In some ways, it seems rather paradoxical that there should be an easy-to-read book about what is essentially the most complex object in the universe—the human brain—but this is a pretty fair description of R. Grant Steen’s The Evolving Brain. In writing his book, Steen, who is both a psychiatrist and a neurophysiologist, has in mind the general reader rather than the professional, and takes care to describe even the most complex phenomena in straightforward, user-friendly language that even the most right-brained reader shouldn’t have much trouble with.
This leads to the use of a lot of analogies, some of them rather over-used (how often, I wonder, have the brain’s functions been compared to computer systems), others more helpful (his brain-as-anthill analogy is useful, if simplistic—but in this field, what isn’t?). No lab-bound egghead, Steen is refreshingly up-to-date on all the latest debates and controversies in brain studies (and there are lots of them), and as well as describing the brain’s physiological and neurochemical functions, he tries to show how they relate to such nebulous phenomena as thoughts, emotions and consciousness. Not an easy task, by any stretch of the imagination, but Steen manages it deftly. In clear, non-technical prose, he discusses the current state of research on the nature of learning, genetic influences on the brain, and the connections between mental functions and personality attributes like creativity and temperament.
Steen spends a good deal of time discussing brain issues that have been in the news recently—things like stem cell research, intelligent design, brain death, with particular reference to the Terri Schiavo case. Did you know serious brain injuries were more likely to lead to a permanent vegetative state in women than in men? It’s true, and scientists still haven’t figured out why (it’s not as though women have smaller or more fragile brains, after all). This brings up another engaging feature of Steen’s writing. Unlike many other authors in the “popular science” genre, he is perfectly willing to discuss competing theories and debates, as well as drawing attention to things that remain mysterious, and perhaps always will. As the book’s title suggests, neurophysiology is an evolving field, and although new discoveries are being made every day, most of the territory remains yet to be charted.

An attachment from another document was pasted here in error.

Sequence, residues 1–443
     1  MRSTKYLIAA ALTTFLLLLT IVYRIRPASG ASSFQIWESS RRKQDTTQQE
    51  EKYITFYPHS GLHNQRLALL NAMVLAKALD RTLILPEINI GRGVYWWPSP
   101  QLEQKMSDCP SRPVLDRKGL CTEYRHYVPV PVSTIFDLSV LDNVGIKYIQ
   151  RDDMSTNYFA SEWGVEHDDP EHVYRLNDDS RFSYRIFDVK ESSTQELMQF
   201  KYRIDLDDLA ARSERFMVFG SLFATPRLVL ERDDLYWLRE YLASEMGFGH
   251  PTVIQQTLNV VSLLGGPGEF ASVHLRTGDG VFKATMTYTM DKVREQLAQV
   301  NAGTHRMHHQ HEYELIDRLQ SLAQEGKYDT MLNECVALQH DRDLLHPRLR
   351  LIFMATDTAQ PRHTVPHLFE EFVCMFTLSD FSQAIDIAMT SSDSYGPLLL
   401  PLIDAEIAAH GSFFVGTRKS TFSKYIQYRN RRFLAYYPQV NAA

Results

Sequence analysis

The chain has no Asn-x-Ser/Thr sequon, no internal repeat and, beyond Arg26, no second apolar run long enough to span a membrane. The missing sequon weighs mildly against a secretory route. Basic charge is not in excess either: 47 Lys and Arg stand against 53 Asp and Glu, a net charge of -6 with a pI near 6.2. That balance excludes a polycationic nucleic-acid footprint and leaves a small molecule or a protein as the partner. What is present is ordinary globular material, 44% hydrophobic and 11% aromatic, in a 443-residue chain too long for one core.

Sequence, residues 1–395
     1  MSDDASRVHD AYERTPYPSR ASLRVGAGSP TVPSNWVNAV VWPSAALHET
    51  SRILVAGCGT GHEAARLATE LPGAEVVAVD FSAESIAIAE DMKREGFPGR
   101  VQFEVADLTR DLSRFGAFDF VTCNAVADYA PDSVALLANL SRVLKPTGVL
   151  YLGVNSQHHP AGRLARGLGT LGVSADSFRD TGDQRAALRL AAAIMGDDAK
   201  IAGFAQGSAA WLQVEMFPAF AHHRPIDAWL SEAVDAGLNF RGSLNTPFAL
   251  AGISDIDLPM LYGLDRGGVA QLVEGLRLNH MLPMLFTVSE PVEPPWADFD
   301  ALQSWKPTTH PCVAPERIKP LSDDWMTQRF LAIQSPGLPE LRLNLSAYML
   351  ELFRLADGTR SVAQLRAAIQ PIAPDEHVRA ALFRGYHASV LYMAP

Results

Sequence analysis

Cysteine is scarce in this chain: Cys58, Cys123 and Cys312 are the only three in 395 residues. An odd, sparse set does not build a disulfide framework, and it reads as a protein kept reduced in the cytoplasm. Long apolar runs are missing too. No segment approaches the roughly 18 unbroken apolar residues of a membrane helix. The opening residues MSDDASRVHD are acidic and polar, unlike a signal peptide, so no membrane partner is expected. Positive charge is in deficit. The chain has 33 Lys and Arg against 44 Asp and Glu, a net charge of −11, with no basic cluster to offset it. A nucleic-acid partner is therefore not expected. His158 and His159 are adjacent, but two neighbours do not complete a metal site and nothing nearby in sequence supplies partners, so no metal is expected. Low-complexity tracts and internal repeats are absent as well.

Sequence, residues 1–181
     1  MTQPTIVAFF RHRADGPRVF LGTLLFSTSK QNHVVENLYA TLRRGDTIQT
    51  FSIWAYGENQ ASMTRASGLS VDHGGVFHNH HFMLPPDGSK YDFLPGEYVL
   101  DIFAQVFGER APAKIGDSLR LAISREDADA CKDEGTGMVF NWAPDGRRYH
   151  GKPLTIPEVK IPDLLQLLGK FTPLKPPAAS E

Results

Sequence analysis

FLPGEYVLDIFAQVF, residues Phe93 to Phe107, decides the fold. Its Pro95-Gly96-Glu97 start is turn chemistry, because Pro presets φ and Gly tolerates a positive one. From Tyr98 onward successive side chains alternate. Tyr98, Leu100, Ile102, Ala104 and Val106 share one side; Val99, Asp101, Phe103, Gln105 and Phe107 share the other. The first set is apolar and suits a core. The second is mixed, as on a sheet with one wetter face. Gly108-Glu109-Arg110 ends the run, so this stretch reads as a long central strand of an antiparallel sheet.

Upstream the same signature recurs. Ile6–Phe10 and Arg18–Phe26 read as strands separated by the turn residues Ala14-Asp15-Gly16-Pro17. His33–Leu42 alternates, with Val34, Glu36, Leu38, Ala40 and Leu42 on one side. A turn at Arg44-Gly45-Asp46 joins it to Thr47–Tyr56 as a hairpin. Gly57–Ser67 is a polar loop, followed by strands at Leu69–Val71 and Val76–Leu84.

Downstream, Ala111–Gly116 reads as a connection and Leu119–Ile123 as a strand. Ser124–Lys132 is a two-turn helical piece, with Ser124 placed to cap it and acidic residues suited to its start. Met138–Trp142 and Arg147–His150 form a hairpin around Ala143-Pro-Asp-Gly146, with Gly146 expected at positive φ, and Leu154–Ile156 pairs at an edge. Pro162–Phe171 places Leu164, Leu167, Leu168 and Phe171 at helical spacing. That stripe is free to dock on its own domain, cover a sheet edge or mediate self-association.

The only thing that interfered with my enjoyment of this book was its dryness. Obviously, a subject like this is hardly going to be a laugh a minute, but Steen’s prose can become a little humorless after 400 pages. Speaking as a Freudian, I’d also have been interested to see more than one single (dismissive) reference to at Freud, such as, for example, a discussion of the pioneering work of neuroscientists like Mark Solms, whose work combines Freudian psychoanalysis with the latest advances in neuropsychology. Other than those minor quibbles, this is a rare treat: a brainy book about the brain.
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